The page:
4) As before I did not use my good ground-glass multi-necked flasks, KOH at high T etches glass, and I dont want them stained, especially on an experiment that appears dodgy. I used a cheap flask with a rubber stopper - there was no perceptible leak or interaction with the rubber at 200C.

Result - some white percipitate, which would have to be Mg(OH)2 formed and Mg darkened from interaction with water. No K formed as evidenced by throwing contents of flask into water. Zilch in the language of the patent inventors.

I am now very confiedent this patent is rubbish and am sorry I wasted time on it. Reasons are:

1) No K formed in any experiments despite following patent closely, three different sources of Mg, the last freshy cut

2) The patent clearly 'cooks' the amount of H2 evolved. In water Mg + 2H2O -> Mg(OH)2 + H2, not Mg + H2O -> MgO + H2. SO 278mmol H2O releases 139mmol H2 not the 278 that the patent quotes. The hydroxide doesnt dehydrate at 200C. The very accurate wrong 'measurement' is in exact accord with the incorrect theoretical formula, which shows that it was never measured. The same goes for the H2 released subsequently - construed to add up exactly to 1000mmol, the amount of pure KOH used. If they cooked one part of their patent, they are likely to have cooked the rest.

3) This type of reaction was not really expected. KOH and Mg dont react at 200C the KOH form only an emulsion in the hydrocarbon and as such its interaction with the Mg in this medium is not expected to be better than in the solid state.

In short 'BUSTED'. I feel unclean for having participated in this rort. I look forward to doing something more interesting.

apparatus.JPG - 29kB
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[*] posted on 27-12-2007 at 09:10


Pity. Len, I think you would have better luck distilling potassium from KCl using some of your Na to displace it. That's at least tried and true.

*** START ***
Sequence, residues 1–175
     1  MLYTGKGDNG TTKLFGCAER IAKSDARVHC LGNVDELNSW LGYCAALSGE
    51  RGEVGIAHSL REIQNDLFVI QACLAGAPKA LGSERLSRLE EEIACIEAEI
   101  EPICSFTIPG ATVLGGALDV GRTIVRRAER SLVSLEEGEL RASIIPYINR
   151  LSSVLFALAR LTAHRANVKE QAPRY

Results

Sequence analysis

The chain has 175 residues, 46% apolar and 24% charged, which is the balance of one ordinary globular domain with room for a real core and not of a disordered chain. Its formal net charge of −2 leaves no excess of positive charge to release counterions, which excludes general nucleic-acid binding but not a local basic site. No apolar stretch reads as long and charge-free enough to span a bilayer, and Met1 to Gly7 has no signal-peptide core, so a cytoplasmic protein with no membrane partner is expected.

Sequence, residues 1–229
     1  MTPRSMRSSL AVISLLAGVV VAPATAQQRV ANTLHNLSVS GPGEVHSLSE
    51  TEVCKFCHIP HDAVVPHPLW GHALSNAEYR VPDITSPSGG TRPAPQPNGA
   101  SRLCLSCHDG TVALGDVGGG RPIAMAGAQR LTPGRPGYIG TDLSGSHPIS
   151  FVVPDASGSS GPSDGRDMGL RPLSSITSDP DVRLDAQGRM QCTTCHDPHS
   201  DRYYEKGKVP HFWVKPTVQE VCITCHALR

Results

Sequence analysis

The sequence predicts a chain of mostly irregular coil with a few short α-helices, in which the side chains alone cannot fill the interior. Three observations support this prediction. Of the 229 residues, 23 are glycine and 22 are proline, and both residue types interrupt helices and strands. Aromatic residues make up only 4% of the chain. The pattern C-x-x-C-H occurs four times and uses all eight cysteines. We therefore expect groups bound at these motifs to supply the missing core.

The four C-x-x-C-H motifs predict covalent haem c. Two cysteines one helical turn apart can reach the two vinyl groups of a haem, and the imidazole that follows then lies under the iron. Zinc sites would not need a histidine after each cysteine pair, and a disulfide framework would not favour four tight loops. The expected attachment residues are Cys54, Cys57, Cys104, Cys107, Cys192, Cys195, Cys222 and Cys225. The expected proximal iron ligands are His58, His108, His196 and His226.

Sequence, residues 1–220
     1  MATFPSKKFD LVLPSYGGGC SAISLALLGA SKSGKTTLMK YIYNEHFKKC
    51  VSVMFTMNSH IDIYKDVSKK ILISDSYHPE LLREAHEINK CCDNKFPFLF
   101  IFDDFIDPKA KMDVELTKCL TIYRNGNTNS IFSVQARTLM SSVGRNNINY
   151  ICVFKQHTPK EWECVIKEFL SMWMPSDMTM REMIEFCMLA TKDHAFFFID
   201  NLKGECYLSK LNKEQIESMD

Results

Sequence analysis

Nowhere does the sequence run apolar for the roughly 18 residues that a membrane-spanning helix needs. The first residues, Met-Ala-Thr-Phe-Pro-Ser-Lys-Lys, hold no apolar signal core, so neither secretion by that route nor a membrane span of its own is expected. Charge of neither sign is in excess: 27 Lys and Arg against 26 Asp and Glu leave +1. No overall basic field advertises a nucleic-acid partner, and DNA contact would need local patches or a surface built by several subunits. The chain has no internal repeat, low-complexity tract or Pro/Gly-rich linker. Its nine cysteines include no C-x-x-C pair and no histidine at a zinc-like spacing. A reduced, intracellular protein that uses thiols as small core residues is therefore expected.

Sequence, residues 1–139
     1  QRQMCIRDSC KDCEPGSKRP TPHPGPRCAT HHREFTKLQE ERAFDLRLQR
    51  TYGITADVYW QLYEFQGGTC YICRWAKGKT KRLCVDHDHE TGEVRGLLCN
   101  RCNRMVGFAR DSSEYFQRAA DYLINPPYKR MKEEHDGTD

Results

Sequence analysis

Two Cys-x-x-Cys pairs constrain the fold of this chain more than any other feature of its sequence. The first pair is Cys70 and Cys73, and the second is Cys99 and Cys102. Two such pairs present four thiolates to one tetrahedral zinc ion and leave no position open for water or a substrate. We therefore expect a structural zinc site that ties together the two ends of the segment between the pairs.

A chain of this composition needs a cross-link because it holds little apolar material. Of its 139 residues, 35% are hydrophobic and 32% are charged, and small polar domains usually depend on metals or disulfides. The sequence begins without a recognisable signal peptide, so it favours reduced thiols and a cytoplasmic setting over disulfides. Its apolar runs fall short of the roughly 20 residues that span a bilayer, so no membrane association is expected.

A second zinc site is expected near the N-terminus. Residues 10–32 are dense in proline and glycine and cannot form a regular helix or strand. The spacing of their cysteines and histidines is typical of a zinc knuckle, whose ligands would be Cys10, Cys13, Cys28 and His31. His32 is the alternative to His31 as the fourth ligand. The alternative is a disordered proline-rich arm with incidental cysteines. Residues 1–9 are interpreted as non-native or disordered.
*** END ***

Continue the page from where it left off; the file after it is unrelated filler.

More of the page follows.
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[*] posted on 27-12-2007 at 14:03


Thanks. The whole point in this for me was to witness what I thought was an amazing reaction. Until you look closely the patent seems really genuine, at worst I thought Ill get a low yield. I am not sure what the patent authors wanted to achieve by faking somthing that is so easy to check. Len
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[*] posted on 27-12-2007 at 14:34


When I made my run at this I didn't have any special preparation of my reagents. My kerosene was taken straight from the gas station, my isopropyl alcohol from the drug store, and my Mg out of a plastic bag that it came in from the pyro people when I bought it. My KOH was in large prills and taken straight from the container, it was originally sold for soap making. No clue why I got such glaringly different results.

I had a strong effervescence throughout the procedure and I ran it at notably lower temperatures. Granted there is the possibility of water contamination but I would not think that it would be to such great extent as to dissolve as much Mg as dissolved.

Because I have not posted them elsewhere (or maybe I have) here are more pictures from my attempt.

http://www.destructve.com/sciencemadness/IMAGE011.JPG
http://www.destructve.com/sciencemadness/IMAGE016.JPG
http://www.destructve.com/sciencemadness/IMAGE018.JPG
http://www.destructve.com/sciencemadness/IMAGE021.JPG

They are in chronological order, with the first picture taken within 30 minutes of beginning the heating and the second was taken after 3 or 4 hours IIRC. The third picture was taken after the mixture had been stoppered and allowed to sit approx. 15 hours and you can see the strange color change that I attributed to any K working around in there chewing things up and reacting. The final picture is form when I filtered the mixture and decided to dump some of the solid material into some water, you can still see bubbles from the somewhat vigorous effervescence along the rim of the water in the container.

Again, I don't know what happened differently, maybe your reagents were a bit too pure or maybe t-butanol just works like crap. My main reason for posting here though is just to show exactly what I observed. With the validity of this patent being called into question I wanted to show that the results that I posted about were not exaggerations and were what I actually saw, no matter their origin or how much of a fluke they may have been.




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[*] posted on 27-12-2007 at 15:19


I dont think your results are different. A white precipitate is generated from the reaction of Mg with H2O, that would occur in pure hot water as well. The reaction generates H2 although at half the rate to what the patent authors 'measured'. Thats the effervesence. But the point of the patent is not to form magnesium hydroxide.

My request to you or anyone else who thinks this reaction works, is

please show the potassium.

Anything else is pure speculation. Len

[Edited on 27-12-2007 by len1]
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[*] posted on 18-2-2008 at 20:13